The term ‘resistance’ has existed in different languages since time immemorial. A history of the term is neither consequential nor required. However, in the humanities and social sciences, the term has had a long history of opening various areas and avenues of research. Aimed against different established hegemonic structures, different voices of resistance across time and space have resulted into various movements and revolutions across the globe. When Marx observed history as struggle between the bourgeois and the proletariat, when Foucault proposed the thesis of ‘disciplinary society’ and explained the underlying link(s) between knowledge and power, when Said questioned the cultural representations and conceptual narratives of the West about the East , a series of successive voices developed special realms through which umerous voices of dissent were articulated.
The spirit of resistance is however not limited to select individuals. There have been movements and revolutions in past which not only paved way to alternative thinking/system but also resulted into greater social/cultural/political changes and reforms. The Black Power revolution in Trinidad in 1970s, the Carnation Revolution in Portugal in 1980s, the Black Panther movement in 1970s in United States, the Iranian Revolution in 1980s which led to the formation of the Islamic Republic of Iran, an armed movement for an independent Sikh homeland by Khalistan Commando Force in 1986, Dalit Panther movement in India in 1980s which led to the emergence of Dalit Studies as a new area of research, the Anti-Corruption movement in India in 2011, Tunisian Revolution of 2010 and the contemporary Syrian Crisis and displacement are to name a few. While different narratives of these movements/revolutions might unfold the stories of brutality, violence, discrimination and vulnerability or violation of human rights, there is no denying the fact that these movement/revolutions have had far reaching influences on art, culture and literature in different societies.
Apart from the two categories mentioned above, there are umpteen instances to suggest that resistance is integrally ingrained in our everyday life, so much so that it is difficult to draw a line among the constantly changing categories such as voices of resistance, resilience, dissent and alternative thought system. Virtual space, with its new dimensions, has emerged as a new terrain of everyday contestations, conceptualization and consolidations. Social media, in particular, has accelerated those patterns of friction, which always existed at different levels in the contemporary times. And as a result, in the tussle of dissemination and mobilization of the elusive ‘truth’, the binary boundaries such as real-copy, false-truth, political-apolitical, original-translation, and authentic-fabricated seem to have blurred. Hence, it is pertinent to discuss of rights of people on social, political, and cultural issues ranging from the politics of representation and exclusion, civil liberties and state violence, sexual orientation, debates around the concepts such as region, nation, caste, communities etc., the art and censorship and the like are all seminal and vital.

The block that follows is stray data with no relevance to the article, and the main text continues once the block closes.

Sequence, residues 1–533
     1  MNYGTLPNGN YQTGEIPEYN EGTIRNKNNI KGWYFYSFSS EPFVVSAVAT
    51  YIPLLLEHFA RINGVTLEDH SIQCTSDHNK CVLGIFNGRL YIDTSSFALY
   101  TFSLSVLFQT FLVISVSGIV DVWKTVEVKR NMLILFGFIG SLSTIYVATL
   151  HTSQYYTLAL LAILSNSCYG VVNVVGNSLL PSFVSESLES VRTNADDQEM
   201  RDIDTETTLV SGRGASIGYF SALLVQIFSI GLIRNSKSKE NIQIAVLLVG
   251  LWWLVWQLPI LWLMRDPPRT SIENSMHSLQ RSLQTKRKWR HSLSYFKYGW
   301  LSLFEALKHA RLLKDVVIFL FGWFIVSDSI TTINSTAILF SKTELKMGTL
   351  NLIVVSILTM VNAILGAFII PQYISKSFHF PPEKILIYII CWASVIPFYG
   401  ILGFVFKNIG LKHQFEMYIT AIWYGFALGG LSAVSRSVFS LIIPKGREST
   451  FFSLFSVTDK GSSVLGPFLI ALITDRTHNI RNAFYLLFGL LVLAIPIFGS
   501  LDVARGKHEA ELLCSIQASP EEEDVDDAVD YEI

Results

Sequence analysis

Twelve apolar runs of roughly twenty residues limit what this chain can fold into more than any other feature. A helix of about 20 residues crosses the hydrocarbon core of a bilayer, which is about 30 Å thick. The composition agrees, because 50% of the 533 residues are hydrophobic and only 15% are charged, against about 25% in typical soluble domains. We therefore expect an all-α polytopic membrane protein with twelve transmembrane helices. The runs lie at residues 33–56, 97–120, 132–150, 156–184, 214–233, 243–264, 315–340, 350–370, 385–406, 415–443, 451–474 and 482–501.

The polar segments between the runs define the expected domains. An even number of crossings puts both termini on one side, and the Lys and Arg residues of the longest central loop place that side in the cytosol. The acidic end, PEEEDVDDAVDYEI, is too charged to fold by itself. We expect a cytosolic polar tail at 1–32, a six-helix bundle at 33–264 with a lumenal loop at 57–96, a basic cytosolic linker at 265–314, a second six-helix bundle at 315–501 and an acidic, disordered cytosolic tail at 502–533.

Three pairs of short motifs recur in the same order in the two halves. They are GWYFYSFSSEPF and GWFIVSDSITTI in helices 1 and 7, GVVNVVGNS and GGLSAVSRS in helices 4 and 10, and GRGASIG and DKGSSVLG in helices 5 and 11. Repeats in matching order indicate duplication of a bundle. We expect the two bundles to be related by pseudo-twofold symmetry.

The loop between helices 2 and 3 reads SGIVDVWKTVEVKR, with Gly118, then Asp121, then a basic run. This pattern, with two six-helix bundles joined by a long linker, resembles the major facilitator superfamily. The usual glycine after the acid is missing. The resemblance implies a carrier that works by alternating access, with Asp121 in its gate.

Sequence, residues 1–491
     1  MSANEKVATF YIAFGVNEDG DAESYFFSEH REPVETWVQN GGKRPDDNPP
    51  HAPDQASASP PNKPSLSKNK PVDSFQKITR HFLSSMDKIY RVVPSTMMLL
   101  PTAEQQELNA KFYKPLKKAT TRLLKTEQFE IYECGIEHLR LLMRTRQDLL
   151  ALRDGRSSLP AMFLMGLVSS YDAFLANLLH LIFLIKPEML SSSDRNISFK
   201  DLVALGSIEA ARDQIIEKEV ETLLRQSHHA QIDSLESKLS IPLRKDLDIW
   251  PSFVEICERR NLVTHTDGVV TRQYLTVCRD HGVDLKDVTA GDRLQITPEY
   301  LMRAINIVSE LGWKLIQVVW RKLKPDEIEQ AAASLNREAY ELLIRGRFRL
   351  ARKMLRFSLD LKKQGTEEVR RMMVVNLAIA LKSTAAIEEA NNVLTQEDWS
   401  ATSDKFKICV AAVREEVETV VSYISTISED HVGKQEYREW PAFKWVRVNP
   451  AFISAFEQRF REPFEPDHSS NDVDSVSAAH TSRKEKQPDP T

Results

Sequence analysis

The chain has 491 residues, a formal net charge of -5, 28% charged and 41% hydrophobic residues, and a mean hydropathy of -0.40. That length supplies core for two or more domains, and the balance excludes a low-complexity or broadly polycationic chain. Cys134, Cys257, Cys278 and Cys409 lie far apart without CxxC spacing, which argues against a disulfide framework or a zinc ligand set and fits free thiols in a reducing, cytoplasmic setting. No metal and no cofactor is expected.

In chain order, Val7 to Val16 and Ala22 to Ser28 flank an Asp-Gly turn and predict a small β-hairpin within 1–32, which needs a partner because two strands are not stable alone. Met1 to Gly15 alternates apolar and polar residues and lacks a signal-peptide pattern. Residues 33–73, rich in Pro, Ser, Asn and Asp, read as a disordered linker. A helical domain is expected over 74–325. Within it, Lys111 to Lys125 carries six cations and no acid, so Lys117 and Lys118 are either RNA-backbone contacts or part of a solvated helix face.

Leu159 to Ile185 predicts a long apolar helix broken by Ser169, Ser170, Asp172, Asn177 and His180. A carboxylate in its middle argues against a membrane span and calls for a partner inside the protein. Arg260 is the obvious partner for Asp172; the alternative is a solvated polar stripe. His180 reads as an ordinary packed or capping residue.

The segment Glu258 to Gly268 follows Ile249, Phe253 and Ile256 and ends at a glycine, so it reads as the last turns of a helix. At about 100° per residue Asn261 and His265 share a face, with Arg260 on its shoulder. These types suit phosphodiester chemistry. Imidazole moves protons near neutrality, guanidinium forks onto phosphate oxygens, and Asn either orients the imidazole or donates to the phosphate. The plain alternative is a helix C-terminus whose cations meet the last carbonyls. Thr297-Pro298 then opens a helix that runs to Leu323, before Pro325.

We invite papers to be published in this issue from a range of disciplines/areas of study, including but not restricted to, Literary studies, History, Sociology, Cultural Studies, Social Exclusion, Political Science, Media Studies, English Language Education, Development Studies, Performing Arts and Translation Studies.
From Editors’ Pen